Daffodils are a beautiful, annual plant that are a staple of many outdoor gardens. While traditionally an outdoor plant, there’s no reason why we can’t bring daffodils indoors. What’s more, daffodils are an easy plant to “force”, or get to bloom out of season. Let’s learn how to grow daffodils indoors, and be able to enjoy this colorful plant year round.
There are dozens of different daffodil varieties available, many that come in different sizes and colors. Fortunately, the vast majority have similar care routines, so regardless of what you pick this information should be relevant.
Most relevant for indoor growers are the miniature or dwarf varieties of daffodils. These varieties will typically grow smaller than other kinds, and this makes them excellent for container growing. Traditional daffodils can grow quite large, and may require staking to prevent drooping and falling over. If you’d like to avoid that, go with a miniature variety which won’t grow as large.
Daffodils typically are planted in early fall and bloom in early spring. Indoors, you’ll likely see a similar pattern unless you purposely try to interrupt it. Forcing is the act of getting a plant to bloom outside of its standard bloom timing. Daffodils are an easy plant to force, and you can do so indoors at any time of year.
To start, daffodils need a period of roughly 12-16 weeks of cooler temperatures in the 40-45°F range. This is how the plant “knows” when it’s time for it to begin growing and bloom. Outdoors, this will come naturally, but indoors you’ll need to provide this yourself. Some people keep their bulbs in their fridge, but you can also keep them in a cool garage or just outdoors.
Note, that even if you’re growing on a standard spring bloom schedule you should provide this period of cold. This will mimic the plant’s natural seasonal cycle, and help ensure that it blooms at the correct time.
Once you’ve provided the appropriate amount of cold weather you can continue on with planting and normal care.
One last note, some nurseries will sell “forcing ready bulbs” or something to a similar effect. These are bulbs that have already been exposed to cold and ready to plant right away. If you can’t wait, or don’t want to do the process on your own, look for bulbs labeled this way.
Planting and Soil
Start with a high quality, well draining potting soil and fill your container of choice with it. You can use almost any size container to grow daffodils, but will get more or less flowers depending on the size. For a typical 6” diameter pot you can fit 3-5 daffodil bulbs or 5-7 miniature ones. Plant your bulbs with the “nose” sticking up and cover almost completely with soil leaving the “nose” slightly uncovered. Give your bulbs a healthy dose of water that soaks the soil.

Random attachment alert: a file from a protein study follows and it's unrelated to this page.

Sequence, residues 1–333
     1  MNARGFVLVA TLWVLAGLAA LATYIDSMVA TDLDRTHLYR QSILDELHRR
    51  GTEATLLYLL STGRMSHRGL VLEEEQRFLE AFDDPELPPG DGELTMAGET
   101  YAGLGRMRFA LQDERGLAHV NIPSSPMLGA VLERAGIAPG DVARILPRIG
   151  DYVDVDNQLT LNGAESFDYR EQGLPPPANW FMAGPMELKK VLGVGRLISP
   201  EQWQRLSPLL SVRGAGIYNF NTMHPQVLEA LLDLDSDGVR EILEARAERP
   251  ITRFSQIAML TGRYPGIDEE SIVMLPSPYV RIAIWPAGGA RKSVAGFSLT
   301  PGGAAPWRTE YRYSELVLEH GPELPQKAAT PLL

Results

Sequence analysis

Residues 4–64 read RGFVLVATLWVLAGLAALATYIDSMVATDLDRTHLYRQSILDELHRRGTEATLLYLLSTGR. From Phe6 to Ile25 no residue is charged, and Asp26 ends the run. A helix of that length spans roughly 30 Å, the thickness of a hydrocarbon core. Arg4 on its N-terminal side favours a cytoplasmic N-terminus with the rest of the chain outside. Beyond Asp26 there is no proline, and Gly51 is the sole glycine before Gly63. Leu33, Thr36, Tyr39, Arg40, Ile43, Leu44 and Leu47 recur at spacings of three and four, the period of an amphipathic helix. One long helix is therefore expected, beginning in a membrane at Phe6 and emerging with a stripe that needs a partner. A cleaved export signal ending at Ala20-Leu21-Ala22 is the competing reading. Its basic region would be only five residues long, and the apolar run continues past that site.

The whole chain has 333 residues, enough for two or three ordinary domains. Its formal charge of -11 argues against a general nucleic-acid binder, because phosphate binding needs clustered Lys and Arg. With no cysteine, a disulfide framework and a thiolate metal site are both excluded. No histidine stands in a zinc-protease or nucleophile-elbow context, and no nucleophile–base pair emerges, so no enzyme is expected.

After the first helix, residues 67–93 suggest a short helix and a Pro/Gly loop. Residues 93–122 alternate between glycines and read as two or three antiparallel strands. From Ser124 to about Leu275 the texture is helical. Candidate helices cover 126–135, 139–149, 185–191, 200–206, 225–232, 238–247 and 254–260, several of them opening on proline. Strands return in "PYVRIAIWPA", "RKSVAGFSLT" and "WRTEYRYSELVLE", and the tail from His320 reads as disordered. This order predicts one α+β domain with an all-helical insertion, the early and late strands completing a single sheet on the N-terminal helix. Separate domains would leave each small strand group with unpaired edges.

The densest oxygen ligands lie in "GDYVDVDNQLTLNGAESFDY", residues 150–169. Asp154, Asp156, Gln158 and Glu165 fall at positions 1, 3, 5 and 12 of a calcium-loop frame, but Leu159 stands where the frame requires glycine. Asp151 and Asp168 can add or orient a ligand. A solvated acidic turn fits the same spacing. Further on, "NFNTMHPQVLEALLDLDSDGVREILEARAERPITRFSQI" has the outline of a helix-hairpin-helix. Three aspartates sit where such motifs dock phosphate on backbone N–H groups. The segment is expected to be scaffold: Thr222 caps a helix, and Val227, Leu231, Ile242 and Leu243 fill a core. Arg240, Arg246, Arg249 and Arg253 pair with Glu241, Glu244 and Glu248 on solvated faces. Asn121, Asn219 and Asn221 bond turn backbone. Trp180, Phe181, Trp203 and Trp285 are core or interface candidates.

For freshly planted bulbs, expose them to in-direct light that isn’t too intense. You’ll want to leave them in this location until the shoots start to turn green. Too much light too soon can burn out your plants before they have a chance to grow.
Once the shoots turn green, you can move them to a new location that gets lots of bright light. This is where they will live the rest of their bloom. You should also regularly turn to make sure they get even light and don’t bend.
In general, look to get 6+ hours of bright light per day. If you can’t hit this, use a small grow light to provide the light needed.
Aim to keep the soil of your daffodils moist but not soaked. Check the top of soil everyday, and water when it is dry to the touch.
When watering, make sure the soil is completely soaked. Look to see water begin to leak from the container’s drainage holes to be sure your plant has enough water. Once the plant blooms, you’ll typically be watering every couple of days.
Daffodils are not very nutrient hungry, and generally don’t need to be fertilized. Instead, opt to repot them each year to provide fresh, nutrient rich soil. You can simply dig up the bulbs and move them to a new container. Do this before exposing them to cold, and use fresh soil afterwards.
Growing Daffodils Indoors
Daffodils are an excellent indoor flower that is very easy to care for. It’s also a fun gardening project to force them to bloom out of season. If you’ve never “forced” a plant before, daffodils are an easy one to start with.
Growing Daffodil Indoors FAQ
What is Forcing a Daffodil?
Forcing is the act of getting a plant to bloom out of season. This isn’t exclusive to daffodils, but they are an easy plant to start with.
How Long Does It Take a Daffodil To Bloom?
After planting, daffodils should begin to flower in roughly 3-4 weeks.
When Do Daffodils Bloom?
Daffodils are an annual plant and will usually bloom in early spring each year. You can however force them to bloom at a different time using some of the tips above.